The California legislature has proposed an amendment that would change the way truck brokers in the state file their bonds.
The purpose of the existing law was to cut down on broker fraud within California’s trucking industry. Since the law went into effect, however, industry stakeholders claim the bonding requirement has yet to be fully enforced.
The current law — which was signed on September 29, 2010, and enacted January 1, 2011 — requires construction trucking service brokers to purchase a surety bond before providing any construction transportation services to any construction project. The minimum surety bond amount accepted is $15,000. Failing to purchase the bond according to the law is a misdemeanor that could result in a $5,000 fine for the broker.
However, when the law was passed, no state or federal agency was assigned to oversee and report broker bonding infractions. Although brokers were told they must purchase a bond, they were not instructed to file it with any specific government agency. The broker was simply required to present the bond if a law enforcement agency required it.
Brokers were also encouraged to give their contractor and shipper customers a copy of their bond as a show of good business practice, but, they were not actually required to do so. In actuality, brokers are rarely expected to provide proof of their bonds, which means many simply don’t ever purchase one.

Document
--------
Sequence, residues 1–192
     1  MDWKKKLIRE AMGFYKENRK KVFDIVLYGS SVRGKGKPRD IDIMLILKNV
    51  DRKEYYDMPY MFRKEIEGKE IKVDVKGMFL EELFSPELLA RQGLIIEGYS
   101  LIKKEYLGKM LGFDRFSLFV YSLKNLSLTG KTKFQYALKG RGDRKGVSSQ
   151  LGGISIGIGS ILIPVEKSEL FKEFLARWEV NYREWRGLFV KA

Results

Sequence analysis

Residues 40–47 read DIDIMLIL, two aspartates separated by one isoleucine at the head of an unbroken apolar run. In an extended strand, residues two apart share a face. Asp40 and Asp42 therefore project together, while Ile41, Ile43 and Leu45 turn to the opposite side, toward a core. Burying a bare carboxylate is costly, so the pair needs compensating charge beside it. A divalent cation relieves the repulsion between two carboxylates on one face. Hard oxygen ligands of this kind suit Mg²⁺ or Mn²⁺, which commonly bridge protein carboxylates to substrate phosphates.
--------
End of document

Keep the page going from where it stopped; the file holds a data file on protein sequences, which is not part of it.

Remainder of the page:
As such, industry stakeholders such as the California Construction Trucking Association assert that this lack of accountability allows brokers to skirt the bonding requirement and continue fraudulent brokerage activity.
This year’s Senate Bill 1092 would amend the existing law by requiring brokers to provide easy access to copies of their bonds to both industry professionals and clients. After being amended last week, the proposed amendment currently reads as follows.
“This bill would require a broker of construction trucking services to annually provide written evidence of the broker’s valid surety bond to a 3rd-party nonprofit organization that is related to the industry and regularly maintains a published database of bonded brokers or to post a current copy of the surety bond on the broker’s Internet Web site.
The bill also would prohibit a broker of construction trucking services from hiring, or otherwise engaging the services of, a motor carrier of property to furnish construction transportation services unless the broker provides, prior to the commencement of work each calendar year, written evidence of the broker’s valid surety bond to any person that hires, or otherwise engages the services of, the broker to furnish construction transportation services and also to the hired motor carrier of property.”
According to the existing law, a truck broker is defined as “an individual or company who arranges for the truck transportation of cargo belonging to others for compensation, utilizing for-hire carriers to provide truck transportation within the construction industry.” To put it simply, individuals must purchase a California truck broker bond if they manage the transport of construction materials and handle other truckers’ finances in the process.
If this amendment is passed as expected, truck brokers in California would likely have a much harder time avoiding the purchase of a surety bond.